In a message dated 97-09-27 15:24:33 EDT, Nsfong@aol.com wrote
<< On page 12 of the Acorn Book, there is mention of Techniques of Antidifferentiation. Among the subtopics is "Antiderivatives by substitution of variables..."
The formulas that you mention result from trigonometric substitutions and I would guess that they fall into the above catagory. >>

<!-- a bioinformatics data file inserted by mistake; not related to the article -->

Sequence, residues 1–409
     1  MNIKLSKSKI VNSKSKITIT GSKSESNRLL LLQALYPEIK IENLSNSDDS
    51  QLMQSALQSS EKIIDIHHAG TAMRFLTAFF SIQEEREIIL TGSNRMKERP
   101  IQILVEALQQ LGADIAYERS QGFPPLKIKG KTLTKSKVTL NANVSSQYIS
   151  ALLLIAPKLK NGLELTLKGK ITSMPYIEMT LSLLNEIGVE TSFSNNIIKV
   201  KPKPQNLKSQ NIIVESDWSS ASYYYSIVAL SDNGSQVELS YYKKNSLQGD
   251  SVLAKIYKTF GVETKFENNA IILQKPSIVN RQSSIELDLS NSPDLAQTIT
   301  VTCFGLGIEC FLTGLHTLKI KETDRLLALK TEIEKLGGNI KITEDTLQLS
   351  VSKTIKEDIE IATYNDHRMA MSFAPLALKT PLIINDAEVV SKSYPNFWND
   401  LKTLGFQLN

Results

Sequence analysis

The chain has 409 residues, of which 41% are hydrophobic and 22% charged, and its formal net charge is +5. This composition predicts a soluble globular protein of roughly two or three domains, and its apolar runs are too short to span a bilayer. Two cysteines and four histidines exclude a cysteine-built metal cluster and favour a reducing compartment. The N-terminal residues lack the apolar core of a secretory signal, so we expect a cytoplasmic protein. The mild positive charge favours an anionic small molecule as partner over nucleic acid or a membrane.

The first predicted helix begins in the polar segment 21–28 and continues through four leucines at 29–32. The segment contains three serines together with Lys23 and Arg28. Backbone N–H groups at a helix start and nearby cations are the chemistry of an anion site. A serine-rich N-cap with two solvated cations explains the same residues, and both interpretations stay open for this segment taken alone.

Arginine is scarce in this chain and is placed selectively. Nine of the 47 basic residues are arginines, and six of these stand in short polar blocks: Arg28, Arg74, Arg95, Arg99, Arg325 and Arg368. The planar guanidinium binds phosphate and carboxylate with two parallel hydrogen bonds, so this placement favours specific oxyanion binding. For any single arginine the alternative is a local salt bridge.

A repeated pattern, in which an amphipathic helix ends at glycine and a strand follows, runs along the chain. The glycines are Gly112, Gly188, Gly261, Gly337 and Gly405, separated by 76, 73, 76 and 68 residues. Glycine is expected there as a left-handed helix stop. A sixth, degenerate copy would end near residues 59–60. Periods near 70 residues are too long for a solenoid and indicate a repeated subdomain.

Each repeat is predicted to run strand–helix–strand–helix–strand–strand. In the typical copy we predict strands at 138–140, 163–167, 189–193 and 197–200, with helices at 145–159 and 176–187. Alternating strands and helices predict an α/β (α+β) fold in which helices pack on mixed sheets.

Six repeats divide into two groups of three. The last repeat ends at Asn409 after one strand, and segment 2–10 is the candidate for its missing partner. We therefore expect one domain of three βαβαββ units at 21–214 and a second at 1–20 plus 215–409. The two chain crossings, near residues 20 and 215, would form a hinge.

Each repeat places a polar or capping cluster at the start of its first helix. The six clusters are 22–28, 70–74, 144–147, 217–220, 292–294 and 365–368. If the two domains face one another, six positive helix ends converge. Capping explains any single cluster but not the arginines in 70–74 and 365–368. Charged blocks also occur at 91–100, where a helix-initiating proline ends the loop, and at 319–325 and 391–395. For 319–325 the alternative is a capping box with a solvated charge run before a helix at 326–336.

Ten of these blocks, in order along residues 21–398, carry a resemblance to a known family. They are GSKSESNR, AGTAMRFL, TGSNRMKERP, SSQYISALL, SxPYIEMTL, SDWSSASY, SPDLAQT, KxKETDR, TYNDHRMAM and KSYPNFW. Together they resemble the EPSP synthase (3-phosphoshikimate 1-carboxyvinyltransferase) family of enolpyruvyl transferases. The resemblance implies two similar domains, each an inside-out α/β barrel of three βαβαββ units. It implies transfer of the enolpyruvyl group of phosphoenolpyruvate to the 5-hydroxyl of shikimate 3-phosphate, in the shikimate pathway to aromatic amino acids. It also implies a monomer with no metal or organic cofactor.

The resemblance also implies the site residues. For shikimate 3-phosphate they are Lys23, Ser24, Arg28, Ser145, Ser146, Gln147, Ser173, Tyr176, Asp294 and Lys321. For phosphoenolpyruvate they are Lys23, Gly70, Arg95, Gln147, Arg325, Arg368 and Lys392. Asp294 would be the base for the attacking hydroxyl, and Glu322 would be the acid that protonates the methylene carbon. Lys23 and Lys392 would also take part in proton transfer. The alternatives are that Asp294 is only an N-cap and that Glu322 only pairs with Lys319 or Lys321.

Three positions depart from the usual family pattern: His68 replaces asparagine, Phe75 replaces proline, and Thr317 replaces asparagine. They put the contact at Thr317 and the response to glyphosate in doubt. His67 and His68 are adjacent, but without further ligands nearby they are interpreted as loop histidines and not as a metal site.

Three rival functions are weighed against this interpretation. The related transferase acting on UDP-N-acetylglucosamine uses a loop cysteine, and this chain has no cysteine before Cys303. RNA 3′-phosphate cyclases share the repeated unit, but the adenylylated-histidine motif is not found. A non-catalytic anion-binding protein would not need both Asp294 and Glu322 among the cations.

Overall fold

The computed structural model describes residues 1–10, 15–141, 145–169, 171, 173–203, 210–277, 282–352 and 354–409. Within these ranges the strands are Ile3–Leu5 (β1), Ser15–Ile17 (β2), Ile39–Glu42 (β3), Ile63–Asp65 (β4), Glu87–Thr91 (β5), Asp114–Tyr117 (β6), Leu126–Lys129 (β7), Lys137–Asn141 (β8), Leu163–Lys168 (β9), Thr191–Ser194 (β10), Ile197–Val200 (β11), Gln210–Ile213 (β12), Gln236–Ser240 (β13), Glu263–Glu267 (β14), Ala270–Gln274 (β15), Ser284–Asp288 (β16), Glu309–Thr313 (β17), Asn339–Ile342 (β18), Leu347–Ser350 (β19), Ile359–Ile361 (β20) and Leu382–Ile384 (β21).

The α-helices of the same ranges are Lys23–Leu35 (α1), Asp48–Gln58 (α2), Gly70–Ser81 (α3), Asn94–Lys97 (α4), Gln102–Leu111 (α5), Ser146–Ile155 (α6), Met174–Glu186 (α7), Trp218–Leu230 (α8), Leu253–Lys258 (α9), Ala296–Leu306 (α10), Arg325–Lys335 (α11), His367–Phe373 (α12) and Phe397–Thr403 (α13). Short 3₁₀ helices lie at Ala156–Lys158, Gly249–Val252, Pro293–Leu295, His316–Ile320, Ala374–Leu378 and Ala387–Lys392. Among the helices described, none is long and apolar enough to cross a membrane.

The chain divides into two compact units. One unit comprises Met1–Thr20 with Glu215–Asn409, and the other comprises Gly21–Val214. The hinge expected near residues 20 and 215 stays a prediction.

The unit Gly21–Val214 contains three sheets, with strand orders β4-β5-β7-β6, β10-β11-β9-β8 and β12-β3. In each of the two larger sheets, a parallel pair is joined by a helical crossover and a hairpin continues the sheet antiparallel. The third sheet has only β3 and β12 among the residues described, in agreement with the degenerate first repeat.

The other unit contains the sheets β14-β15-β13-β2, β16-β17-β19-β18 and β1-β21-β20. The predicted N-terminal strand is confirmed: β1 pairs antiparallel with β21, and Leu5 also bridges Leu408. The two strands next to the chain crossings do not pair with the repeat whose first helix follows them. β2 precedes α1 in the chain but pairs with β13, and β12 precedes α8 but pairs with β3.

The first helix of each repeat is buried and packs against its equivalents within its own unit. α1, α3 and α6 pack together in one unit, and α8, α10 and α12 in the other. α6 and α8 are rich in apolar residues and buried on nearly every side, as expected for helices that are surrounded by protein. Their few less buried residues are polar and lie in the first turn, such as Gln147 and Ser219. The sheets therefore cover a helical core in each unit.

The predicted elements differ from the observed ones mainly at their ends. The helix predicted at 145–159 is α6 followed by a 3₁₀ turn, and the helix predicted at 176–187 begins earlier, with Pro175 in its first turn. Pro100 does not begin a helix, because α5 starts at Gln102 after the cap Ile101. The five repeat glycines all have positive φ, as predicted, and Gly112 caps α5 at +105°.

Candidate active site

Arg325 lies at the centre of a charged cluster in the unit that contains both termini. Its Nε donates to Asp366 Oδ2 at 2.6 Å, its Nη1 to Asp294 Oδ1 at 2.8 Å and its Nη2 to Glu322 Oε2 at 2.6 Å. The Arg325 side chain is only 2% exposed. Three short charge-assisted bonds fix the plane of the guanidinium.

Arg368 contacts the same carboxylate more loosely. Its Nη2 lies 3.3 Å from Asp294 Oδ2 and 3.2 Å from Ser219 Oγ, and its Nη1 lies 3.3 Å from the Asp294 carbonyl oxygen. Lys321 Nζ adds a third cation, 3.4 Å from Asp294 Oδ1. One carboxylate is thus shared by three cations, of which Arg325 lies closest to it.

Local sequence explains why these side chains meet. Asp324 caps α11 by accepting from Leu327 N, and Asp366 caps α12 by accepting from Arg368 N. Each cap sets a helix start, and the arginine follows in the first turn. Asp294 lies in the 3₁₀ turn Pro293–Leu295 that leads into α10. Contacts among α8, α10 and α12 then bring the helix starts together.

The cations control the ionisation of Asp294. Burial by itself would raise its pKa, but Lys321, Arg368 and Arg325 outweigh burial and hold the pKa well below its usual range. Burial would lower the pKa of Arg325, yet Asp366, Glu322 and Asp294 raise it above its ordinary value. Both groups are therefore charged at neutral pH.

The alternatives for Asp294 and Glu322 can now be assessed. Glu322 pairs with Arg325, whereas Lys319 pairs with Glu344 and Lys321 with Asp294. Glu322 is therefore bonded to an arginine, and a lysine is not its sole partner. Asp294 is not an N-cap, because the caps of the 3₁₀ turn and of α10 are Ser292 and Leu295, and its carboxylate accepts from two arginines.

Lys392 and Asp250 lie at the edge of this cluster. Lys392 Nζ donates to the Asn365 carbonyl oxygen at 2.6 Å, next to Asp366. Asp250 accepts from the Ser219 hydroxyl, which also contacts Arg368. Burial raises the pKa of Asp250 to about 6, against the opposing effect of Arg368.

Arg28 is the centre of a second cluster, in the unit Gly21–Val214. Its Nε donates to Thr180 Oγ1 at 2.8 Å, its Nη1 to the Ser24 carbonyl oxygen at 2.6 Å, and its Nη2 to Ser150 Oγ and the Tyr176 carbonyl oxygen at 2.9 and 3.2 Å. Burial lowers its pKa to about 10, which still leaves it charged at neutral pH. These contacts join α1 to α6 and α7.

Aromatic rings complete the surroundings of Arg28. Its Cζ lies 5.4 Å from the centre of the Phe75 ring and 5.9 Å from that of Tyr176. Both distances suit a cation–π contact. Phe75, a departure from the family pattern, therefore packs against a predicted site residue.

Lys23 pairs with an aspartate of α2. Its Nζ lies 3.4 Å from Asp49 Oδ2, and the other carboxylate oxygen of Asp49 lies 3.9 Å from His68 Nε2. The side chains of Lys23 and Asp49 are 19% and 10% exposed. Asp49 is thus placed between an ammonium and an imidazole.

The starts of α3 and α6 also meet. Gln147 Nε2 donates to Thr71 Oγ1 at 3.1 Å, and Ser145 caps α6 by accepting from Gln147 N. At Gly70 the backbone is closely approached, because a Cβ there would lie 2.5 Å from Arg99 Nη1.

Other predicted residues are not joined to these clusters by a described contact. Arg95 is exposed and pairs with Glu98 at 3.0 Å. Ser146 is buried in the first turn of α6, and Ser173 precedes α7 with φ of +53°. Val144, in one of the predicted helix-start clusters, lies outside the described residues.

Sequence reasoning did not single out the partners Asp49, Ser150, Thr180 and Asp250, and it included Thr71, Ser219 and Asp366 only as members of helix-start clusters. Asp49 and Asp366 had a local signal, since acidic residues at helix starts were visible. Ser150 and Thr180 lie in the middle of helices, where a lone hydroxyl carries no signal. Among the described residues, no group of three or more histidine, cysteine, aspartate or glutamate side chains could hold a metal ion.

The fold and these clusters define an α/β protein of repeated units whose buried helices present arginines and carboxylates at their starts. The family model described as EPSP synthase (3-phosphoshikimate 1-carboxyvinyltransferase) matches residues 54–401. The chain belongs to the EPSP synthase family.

Yes and No. My reading of the Acorn book is that students should know how to substitute for the variables in an integral, including, of course, dx and the limits of integration, But (again my reading) they do not need to memorize a list of standard substitutions such as those for a^2-x^2, x^2-a^2 and x^2+a^2 -- the "Trig Substitutions." Probably they will be given an integral AND the substitution to use and asked to do that substitution. This may not be the usual substitution. For example in the integral Int( SQRT(1 - x^2),x,0 Pi/2) make the substitution x = cos (theta) pick the correct integral in terms of (theta) from the multiple choices. Similar problems involving SQRT (x) could be given.